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Suede @ Manchester’s Albert Hall review and gallery – Britpop’s black sheep show a level of mastery few groups can match

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Featured image and gallery by Georgina Hurdsfield

Now that Suede have more records released following the turn of the century than before it, it’s disingenuous to lump in them in with other still touring 90s contemporaries and make any accusations along the lines of nostalgia baiting avarice/age related decline. 

Indeed, while nobody goes to a Blur gig to hear songs off that album they did with the ice cream on it, Brett Anderson and co. keep on adding value. 2022’s Autofiction charmed critics and secured a second place weekly chart finish, pipped to top spot by Blackpink who are, according to Google, far too successful for me to have ignored. I’ll hand in my badge and gun. 

So although the first two records remain my favourites, released in the Britpop era and managing to have integrity to boot (their second album and magnum opus Dog Man Star belongs in every self respecting muso’s collection), seeing Suede in 2023 is still a very appealing prospect. They’ve called Autofiction their “punk record” and debuted it live under a new moniker, Crushed Kid, at small shows – album in full, no hits, no encore. They’re back to being Suede for their nationwide tour though, and the poster promises they’ll throw some of the “classics and hits”  in too.

Stop five of the tour is Manchester’s Albert Hall, a venue that I always catch colds at but remains one of the city’s best. The support band are called Desperate Journalist (opportunity here for the reader to write their own joke), their name taken from a John Peel Session recording by The Cure that rewrites ‘Grinding Halt’ to poke fun at Paul Morley. 

Unsurprisingly they draw heavily on post-punk and goth, plus a bit of that nonchalant sprechgesang thing that you need nowadays if you want to get on the 6Music playlist. 

Some creative interpretation on the groups part of their listed start time means the crowd is pretty full already. I’ve got no complaints, if you pay fifty quid for a ticket and don’t watch the support band then you’re mugging yourself. This one is SOLD OUT sold out. I’ve been to plenty of sold out gigs here and had room to breathe, but not tonight. I imagine that’s why Suede have to come back in a fortnight for another show.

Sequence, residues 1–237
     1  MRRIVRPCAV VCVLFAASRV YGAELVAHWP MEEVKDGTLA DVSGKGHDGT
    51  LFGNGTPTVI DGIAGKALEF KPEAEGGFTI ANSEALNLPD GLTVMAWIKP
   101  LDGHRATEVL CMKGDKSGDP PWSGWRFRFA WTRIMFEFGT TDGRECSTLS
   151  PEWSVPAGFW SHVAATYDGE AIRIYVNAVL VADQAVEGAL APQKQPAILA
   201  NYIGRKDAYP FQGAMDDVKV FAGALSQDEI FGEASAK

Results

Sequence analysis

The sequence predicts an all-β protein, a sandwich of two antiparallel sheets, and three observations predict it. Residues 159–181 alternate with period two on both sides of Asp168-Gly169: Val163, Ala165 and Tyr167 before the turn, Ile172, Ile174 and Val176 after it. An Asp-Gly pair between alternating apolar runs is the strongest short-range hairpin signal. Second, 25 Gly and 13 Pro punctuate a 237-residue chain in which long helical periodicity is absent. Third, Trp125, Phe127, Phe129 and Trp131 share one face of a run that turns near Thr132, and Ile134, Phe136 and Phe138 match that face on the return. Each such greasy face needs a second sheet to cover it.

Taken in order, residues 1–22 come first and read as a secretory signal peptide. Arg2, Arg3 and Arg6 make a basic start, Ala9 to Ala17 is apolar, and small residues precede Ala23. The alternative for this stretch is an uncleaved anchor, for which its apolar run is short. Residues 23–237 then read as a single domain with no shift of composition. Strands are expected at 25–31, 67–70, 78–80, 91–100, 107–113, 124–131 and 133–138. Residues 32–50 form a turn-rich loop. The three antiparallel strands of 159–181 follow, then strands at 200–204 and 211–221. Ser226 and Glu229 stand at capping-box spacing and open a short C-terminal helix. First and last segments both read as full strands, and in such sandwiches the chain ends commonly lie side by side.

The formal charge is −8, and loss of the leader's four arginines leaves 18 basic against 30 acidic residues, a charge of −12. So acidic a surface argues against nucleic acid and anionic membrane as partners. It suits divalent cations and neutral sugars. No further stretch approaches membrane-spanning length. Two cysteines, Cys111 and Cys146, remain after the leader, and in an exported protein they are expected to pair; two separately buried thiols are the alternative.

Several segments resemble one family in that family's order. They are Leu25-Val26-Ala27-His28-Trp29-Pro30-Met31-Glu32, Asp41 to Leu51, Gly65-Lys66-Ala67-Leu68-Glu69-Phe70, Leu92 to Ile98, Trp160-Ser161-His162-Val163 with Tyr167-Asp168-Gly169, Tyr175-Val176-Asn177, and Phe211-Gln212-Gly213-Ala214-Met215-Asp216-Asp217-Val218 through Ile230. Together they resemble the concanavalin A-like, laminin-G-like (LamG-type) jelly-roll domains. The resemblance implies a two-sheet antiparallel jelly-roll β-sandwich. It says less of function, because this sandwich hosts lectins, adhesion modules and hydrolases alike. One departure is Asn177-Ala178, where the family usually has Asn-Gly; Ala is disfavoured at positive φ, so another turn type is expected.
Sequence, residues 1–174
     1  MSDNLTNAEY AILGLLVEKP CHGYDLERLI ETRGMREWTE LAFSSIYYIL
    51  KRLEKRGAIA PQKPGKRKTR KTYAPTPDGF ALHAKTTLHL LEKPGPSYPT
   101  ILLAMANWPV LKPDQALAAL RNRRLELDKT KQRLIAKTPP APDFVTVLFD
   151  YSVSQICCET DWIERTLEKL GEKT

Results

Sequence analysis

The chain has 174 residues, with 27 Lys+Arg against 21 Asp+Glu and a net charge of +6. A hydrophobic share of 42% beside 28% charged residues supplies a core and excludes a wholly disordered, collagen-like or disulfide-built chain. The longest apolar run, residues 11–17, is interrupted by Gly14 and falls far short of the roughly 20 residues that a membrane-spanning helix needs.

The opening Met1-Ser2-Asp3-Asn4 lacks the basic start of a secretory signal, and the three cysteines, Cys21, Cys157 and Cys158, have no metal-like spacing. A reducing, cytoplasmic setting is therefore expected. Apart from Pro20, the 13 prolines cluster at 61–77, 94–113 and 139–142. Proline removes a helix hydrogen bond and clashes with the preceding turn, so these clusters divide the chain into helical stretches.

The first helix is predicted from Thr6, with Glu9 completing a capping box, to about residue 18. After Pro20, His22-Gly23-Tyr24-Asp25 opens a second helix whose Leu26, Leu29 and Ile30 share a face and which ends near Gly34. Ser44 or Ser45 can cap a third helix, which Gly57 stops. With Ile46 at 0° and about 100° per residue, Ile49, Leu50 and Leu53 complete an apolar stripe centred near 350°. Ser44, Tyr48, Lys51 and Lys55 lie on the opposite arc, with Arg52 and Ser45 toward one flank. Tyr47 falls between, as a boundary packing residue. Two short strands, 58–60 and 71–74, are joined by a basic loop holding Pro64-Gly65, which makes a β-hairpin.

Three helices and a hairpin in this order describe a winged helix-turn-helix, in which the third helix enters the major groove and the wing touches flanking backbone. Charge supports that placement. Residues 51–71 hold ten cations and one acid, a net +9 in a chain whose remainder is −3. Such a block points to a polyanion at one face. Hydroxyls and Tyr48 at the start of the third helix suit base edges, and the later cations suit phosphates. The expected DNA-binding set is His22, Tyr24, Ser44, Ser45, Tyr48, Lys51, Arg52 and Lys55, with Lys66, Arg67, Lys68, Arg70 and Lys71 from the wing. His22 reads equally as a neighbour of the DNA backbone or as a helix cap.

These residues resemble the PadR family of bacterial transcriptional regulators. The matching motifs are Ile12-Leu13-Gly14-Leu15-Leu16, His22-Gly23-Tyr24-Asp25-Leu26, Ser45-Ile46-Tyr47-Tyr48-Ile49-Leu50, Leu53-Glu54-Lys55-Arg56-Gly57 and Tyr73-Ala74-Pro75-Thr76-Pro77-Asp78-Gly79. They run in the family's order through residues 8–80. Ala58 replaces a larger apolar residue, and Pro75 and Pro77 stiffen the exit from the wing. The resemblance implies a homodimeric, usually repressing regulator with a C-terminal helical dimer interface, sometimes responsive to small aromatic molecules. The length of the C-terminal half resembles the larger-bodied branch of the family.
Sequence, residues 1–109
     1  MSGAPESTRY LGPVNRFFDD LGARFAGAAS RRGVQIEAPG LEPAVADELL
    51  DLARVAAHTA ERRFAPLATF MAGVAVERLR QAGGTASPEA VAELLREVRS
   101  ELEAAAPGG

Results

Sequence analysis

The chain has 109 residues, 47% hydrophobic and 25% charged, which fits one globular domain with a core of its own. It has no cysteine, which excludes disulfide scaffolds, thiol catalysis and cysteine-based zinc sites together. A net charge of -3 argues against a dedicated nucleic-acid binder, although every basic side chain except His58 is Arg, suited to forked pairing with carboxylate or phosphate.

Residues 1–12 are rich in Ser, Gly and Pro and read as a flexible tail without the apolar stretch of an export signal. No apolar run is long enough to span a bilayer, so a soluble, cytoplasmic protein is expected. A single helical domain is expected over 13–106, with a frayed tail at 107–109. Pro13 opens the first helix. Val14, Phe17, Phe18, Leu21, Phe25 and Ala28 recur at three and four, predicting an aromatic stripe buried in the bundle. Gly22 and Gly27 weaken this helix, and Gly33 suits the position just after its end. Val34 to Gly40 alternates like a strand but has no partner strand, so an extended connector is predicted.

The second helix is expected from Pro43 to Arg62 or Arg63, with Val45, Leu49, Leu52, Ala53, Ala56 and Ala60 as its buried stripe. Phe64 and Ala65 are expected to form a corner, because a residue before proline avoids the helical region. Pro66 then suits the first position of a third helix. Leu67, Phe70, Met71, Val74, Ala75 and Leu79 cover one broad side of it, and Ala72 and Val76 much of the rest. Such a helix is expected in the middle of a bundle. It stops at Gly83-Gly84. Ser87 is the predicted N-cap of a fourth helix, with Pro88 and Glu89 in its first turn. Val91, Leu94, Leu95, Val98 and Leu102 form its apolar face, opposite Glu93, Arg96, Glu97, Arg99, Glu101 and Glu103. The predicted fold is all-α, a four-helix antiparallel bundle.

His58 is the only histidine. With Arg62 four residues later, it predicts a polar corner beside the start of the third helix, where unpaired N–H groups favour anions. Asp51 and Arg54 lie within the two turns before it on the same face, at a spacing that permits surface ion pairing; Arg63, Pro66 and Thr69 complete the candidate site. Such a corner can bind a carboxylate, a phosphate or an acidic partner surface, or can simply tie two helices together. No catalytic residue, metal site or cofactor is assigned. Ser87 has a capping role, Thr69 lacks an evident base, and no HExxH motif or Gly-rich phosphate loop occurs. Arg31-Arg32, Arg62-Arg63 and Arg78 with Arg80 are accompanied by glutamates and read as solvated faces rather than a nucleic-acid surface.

Predictably the set goes hard on the new record, but there’s some diversions that feel at least on the surface impromptu and Manchester designed. ‘High Rising’ is given an airing it seems other cities haven’t had, prefaced with a story about the Britannia Hotel.

An early two punch of ‘The Drowners’ and ‘Animal Nitrate’ sees frontman Brett Anderson writhe and disappear into the crowd for a few moments only to be held aloft in kingly fashion. This happens a few times over the night, and though though his shirt is visibly soaked fairly quickly I suppose such a level of fandom means you forgive the bloke for sweating on you. 

Album tracks, hits and classics (as the poster promised) are spurned out over and over. ‘The Wild Ones’ is stripped back to its intimate bones but remains anthemic – man, guitar and the audience as a near-capacity choir. 

The last half hour of the set, filled with big hits (‘The Beautiful Ones’), fan favourites (‘The Wild Ones’, ‘So Young’, ‘Metal Mickey’) and the best newbies (‘She Still Turns Me On’, ‘Shadow Self’, Black Ice’) is probably the best bit of live music I’ve heard this year. I fill most of my reviews with quips and pretence, but some things are absolutely brilliant and merit acknowledgement. To have a whole room eating from your hands in such a way requires a level of mastery few groups have. 

Coming back on to play ‘Trash’ and have a whole venue belting it out back at the stage is the cherry on top, and though the one-song encore is a bit disappointing when there’s still so much you were hoping you’d hear, they’ve earned a rest. 

I am usually already ready to go when sets finish. Even at gigs I’m enjoying a part of me always wills it to end. It’s the same with films and football matches too – I guess my tolerance for anything rarely survives too far past an hour. The rotten weather may have a part to play here, but I would’ve stuck around for a further five songs at least. A high compliment.

About the author / 

Miles Cooke

Miles Cooke is a MA Multimedia Journalism student at MMU and a music journalist.

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